The original species from which the numerous varieties now grown have sprung is indigenous to England, and may frequently be seen growing on old walls or chalk cliffs in various parts of the country. From this it may be inferred that the plant prefers a certain root-dryness, or at least a light, well-drained soil. Such a deduction would be quite correct.

To-day there are three distinct types or classes of these flowers, viz. "tall", which attain to 3 ft. high; "intermediate", from 1 ft. to 2 ft. high; and the "dwarf" or "Tom Thumb " set, which are rarely more than 6 in. high. Each group or set contains a great variety of colour - yellow, white, crimson, and the like. For general purposes, while the Tom Thumb and tall-growing varieties are valuable in their way, the intermediate section must, I think, be regarded as the most serviceable. This group embraces orange, apricot, pink, crimson, white, and yellow, with intermediate shades. The varieties of this set are as valuable in the cut state or in pots as they are in the garden. Hence to the commercial gardener who delights in having more than one string to his bow they are most desirable.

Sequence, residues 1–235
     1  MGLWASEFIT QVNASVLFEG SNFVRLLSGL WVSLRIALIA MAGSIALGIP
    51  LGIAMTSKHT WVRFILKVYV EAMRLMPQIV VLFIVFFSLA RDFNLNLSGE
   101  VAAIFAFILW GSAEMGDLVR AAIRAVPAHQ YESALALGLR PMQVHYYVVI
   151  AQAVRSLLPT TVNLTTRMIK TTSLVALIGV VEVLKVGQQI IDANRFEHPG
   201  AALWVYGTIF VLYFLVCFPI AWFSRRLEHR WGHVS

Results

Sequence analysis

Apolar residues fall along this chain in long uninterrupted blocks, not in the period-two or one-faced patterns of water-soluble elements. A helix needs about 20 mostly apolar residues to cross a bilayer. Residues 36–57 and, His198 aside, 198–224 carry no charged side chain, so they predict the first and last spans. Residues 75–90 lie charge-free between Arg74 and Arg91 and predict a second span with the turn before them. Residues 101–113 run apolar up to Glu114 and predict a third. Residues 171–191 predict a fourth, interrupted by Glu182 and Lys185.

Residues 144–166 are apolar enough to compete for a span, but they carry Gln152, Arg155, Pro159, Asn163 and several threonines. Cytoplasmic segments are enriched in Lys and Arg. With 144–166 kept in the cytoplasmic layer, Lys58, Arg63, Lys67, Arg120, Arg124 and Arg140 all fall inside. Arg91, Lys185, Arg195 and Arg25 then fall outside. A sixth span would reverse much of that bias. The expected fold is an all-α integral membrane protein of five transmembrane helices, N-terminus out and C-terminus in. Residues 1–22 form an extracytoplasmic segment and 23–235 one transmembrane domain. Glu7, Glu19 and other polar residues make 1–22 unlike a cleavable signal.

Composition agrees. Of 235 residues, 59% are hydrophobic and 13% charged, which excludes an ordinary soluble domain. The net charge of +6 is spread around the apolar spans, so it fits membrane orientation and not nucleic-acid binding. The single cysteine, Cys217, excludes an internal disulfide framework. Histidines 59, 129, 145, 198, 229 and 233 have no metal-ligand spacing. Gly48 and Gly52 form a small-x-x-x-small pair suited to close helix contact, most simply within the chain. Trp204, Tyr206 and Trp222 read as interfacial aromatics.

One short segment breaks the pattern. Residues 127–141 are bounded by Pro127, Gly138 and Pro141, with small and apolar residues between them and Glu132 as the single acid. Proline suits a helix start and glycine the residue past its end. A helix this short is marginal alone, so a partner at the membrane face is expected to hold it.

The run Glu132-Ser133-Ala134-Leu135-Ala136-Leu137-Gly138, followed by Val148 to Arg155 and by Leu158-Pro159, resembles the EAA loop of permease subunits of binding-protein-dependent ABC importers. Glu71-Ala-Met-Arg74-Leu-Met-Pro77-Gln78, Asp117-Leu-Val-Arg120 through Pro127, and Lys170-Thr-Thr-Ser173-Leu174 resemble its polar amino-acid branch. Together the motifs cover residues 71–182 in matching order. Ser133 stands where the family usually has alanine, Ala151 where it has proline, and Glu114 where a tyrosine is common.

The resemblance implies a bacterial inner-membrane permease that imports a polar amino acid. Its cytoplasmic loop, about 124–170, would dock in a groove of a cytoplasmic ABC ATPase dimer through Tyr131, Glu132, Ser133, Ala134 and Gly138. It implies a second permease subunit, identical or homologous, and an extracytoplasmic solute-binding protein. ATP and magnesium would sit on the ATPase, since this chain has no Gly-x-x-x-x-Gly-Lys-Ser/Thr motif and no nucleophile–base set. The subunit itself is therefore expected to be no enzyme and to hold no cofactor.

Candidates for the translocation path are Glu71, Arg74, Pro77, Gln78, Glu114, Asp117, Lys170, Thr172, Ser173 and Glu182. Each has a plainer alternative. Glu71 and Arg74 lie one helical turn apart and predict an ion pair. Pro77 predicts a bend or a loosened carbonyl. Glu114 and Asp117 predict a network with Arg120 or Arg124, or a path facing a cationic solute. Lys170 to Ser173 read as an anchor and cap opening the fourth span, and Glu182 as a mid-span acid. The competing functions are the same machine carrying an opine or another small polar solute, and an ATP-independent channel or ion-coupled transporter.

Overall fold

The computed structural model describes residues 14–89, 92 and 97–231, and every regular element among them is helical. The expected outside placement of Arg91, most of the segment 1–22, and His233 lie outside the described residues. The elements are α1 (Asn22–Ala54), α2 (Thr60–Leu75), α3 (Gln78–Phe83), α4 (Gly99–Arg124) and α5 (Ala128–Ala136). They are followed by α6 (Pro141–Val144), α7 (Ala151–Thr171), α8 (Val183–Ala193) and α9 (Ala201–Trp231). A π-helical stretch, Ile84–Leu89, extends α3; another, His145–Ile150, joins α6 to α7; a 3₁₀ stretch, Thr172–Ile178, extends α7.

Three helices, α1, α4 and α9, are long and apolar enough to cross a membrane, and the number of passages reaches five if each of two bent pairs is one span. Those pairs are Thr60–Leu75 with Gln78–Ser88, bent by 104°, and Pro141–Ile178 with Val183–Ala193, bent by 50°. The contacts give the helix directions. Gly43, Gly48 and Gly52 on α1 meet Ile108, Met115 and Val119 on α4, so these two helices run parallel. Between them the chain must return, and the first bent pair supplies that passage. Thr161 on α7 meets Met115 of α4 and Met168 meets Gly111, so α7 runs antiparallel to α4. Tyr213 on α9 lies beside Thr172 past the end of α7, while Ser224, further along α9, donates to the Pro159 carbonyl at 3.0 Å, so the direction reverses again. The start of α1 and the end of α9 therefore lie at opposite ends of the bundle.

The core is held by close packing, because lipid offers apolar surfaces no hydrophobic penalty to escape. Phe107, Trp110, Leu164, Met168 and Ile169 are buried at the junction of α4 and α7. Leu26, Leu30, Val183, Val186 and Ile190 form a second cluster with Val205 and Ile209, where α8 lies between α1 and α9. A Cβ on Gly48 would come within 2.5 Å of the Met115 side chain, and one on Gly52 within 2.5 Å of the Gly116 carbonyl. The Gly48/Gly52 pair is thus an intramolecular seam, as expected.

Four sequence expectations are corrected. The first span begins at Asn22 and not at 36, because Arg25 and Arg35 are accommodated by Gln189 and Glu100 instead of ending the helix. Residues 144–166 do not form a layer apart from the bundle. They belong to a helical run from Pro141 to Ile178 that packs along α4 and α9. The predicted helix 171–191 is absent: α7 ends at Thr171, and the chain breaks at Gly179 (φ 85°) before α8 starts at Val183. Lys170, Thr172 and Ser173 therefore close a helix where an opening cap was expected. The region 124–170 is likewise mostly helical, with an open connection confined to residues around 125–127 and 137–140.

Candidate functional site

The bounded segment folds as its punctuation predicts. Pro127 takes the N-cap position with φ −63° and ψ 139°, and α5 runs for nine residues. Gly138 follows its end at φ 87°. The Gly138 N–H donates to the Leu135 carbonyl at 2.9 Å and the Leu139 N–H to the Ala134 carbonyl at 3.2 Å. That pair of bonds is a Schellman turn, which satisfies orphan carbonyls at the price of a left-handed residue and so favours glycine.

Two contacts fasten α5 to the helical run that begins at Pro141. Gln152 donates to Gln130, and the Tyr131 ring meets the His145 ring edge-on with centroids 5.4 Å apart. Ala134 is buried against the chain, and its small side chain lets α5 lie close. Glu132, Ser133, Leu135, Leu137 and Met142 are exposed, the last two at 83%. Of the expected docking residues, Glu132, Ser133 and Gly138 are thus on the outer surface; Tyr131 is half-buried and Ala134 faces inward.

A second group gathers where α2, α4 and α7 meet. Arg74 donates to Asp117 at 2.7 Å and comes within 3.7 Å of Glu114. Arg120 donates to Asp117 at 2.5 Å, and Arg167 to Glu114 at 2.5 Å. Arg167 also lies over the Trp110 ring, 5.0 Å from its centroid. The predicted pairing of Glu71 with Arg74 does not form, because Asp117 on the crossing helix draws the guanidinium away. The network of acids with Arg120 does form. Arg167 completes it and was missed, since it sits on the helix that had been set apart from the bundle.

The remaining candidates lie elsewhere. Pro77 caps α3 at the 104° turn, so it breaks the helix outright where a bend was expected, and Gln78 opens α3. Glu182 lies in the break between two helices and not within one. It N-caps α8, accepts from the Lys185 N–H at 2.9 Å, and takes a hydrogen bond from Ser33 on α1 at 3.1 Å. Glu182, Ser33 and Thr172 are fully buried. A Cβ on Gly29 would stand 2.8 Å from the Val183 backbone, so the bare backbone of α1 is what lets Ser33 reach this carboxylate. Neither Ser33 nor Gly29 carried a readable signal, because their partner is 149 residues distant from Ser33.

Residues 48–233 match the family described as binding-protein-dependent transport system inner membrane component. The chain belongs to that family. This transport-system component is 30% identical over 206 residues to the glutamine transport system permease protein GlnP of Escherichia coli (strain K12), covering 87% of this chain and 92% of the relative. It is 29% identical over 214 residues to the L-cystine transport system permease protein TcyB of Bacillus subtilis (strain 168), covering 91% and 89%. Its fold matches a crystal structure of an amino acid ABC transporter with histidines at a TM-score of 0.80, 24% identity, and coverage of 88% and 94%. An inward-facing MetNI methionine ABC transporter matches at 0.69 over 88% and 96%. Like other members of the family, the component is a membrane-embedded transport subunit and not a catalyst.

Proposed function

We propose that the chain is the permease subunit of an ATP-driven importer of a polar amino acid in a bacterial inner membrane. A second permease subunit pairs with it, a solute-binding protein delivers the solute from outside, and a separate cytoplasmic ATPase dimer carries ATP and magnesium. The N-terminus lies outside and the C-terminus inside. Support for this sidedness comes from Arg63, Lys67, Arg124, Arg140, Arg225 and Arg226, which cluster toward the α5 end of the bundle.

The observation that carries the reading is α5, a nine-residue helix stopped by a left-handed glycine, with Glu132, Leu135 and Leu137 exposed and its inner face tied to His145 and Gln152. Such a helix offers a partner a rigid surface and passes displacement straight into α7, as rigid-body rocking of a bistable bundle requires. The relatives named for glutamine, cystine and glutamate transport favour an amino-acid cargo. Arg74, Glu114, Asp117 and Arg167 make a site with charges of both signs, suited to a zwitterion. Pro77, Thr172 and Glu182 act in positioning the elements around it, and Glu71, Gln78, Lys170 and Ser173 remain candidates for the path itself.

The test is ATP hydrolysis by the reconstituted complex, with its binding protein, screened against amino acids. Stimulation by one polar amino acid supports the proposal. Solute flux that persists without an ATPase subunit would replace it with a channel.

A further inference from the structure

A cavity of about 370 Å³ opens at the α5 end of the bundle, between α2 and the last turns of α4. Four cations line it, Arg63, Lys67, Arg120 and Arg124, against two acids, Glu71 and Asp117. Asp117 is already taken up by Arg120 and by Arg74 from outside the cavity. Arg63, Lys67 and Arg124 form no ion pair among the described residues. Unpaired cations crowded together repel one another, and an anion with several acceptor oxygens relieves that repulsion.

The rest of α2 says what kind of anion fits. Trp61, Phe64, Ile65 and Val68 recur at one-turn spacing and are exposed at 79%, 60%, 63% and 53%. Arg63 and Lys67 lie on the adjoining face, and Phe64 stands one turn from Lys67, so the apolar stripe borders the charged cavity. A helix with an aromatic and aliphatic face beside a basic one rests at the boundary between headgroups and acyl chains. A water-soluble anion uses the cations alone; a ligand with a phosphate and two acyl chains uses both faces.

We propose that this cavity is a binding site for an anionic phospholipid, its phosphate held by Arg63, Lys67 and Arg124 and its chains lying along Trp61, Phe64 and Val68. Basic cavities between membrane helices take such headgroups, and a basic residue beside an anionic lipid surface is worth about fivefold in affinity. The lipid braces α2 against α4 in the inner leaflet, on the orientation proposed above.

The seeds of these plants - and it should be remembered that all classes come true from seeds - constitute a distinct and valuable asset not to be overlooked. For garden purposes and for seed-growing these Antirrhinums should be regarded as half-hardy annuals, sowing the seeds in January or February of each year. A great trade is done by selling shallow boxes of seedlings every spring. [e. h. j].